Are you watching ‘As We See It’ – 2022’s first great coming-of-age drama?
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  • Post published:29/01/2022
  • Post last modified:29/01/2022


Are you watching ‘As We See It’ – 2022’s first great coming-of-age drama?

It tells the entertaining story of three roommates on the autistic spectrum

By Ella Kemp

As We See It
Stream ‘As We See It’ now via Prime Video. CREDIT: Amazon

Representation can be used as a reductive catchall in stories shining a light on underserved perspectives – namely in the coming of age genre. It can be a case of box-ticking rather than truthful storytelling, which makes Amazon’s refreshing and humble As We See It a welcome addition to the modern canon.

The series tells the story of three roommates on the autistic spectrum, and gives space to their individual wants and worries as they navigate life as modern adults. It’s often wry and heartfelt without being cloying, entertaining and sharp without ever making fun of anyone.

Newcomers Rick Glassman (Jack), Albert Rutecki (Harrison) and Sue Ann Pień (Violet) play the lead roles (and all identify on the autism spectrum in real life). Jack’s focus is his job – in which he considers himself the smartest person in the room at all times, much to the frustration of his colleagues – and his relationship with his father, who is suffering from a new physical health diagnosis. Glassman’s performance is one of impressive precision, with similar coming timing to the likes of master of awkwardness Jesse Eisenberg.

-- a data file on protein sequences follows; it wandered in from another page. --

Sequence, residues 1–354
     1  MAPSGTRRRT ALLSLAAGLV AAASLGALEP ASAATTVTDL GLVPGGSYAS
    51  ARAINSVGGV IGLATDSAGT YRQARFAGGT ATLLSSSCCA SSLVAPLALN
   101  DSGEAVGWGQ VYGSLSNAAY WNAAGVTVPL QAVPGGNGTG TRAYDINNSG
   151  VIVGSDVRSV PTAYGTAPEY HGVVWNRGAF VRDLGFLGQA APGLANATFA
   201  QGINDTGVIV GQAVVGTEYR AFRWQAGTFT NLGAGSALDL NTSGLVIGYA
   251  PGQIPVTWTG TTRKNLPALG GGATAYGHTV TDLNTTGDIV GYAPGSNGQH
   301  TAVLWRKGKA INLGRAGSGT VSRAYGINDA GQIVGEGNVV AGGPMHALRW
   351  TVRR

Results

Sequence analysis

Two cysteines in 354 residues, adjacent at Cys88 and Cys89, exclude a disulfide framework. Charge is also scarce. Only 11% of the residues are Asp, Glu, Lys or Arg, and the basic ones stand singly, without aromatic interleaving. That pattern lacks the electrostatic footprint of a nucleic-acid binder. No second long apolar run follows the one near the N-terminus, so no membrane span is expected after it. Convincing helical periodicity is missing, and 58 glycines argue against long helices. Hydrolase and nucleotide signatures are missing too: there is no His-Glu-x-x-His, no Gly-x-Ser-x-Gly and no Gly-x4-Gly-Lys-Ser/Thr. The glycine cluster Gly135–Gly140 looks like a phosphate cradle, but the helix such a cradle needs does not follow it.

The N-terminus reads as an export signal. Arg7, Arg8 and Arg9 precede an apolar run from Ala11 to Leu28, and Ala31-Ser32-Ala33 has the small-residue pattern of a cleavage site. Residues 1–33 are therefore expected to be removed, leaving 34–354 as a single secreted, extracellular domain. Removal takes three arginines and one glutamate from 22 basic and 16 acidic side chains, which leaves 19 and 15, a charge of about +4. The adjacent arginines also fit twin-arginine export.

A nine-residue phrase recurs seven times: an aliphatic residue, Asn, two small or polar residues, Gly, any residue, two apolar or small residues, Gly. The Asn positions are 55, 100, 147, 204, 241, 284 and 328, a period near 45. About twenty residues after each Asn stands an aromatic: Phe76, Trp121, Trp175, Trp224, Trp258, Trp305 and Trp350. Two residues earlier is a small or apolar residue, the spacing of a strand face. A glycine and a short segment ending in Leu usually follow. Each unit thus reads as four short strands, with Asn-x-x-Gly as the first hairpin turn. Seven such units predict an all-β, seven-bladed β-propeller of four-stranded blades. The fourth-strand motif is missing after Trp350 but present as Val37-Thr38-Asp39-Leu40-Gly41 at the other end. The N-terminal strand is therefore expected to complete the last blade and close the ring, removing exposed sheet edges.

Rutecki plays Harrison, and his character deals with an anxiety that’s more tender, offering a subtle portrayal of the sensitive discomfort that comes with processing sensory information as an autistic person. Questions of body image and adult loneliness are dealt with elegantly, giving Harrison support, never judgement. Pien is undoubtedly the show’s standout as Violet, an ebullient young woman hellbent on finding a love interest, obsessed with Bumble, Hinge – whatever she can get her hands on. Her spontaneity is freeing and inspiring, bottling the no-filter immediacy of her character.

As We See It comes from Friday Night Lights writer Jason Katims (and there’s a similar sense of levity and optimism in what could have been a dour drama), who described the project as “deeply personal”, nodding to the fact that his son has Asperger’s. It’s a thoughtful, unpretentious look at how these young adults adapt differently to situations we all recognise.

Unfortunately, at least at the beginning, there’s not so much of a sense of just what makes them connect with each other as people (Do they like the same music? Who does the washing up most often?) as so much time is spent shading their individualities. But Mare of Easttown’s Susie Bacon undeniably anchors each storyline beautifully and connects the pieces as their support worker Mandy, who also faces her own dilemmas while her career progresses and her relationship with Jack, Harrison and Violet is tested.

The series has the same modest charm of so many forgettable sitcoms about 20-somethings without much direction – except there is a quiet sense of earned importance to this story that so many others lack. It’s not sensationalised nor trivialised. The story of Jack, Harrison and Violet’s lives takes time to grow over the season, as all the most truthful and rewarding coming-of-agers do.

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